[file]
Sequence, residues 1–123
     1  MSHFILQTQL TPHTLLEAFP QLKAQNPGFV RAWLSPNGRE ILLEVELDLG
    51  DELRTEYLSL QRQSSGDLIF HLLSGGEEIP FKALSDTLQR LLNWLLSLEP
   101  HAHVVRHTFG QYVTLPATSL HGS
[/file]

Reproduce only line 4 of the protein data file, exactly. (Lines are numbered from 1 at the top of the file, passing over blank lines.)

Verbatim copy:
   101  HAHVVRHTFG QYVTLPATSL HGS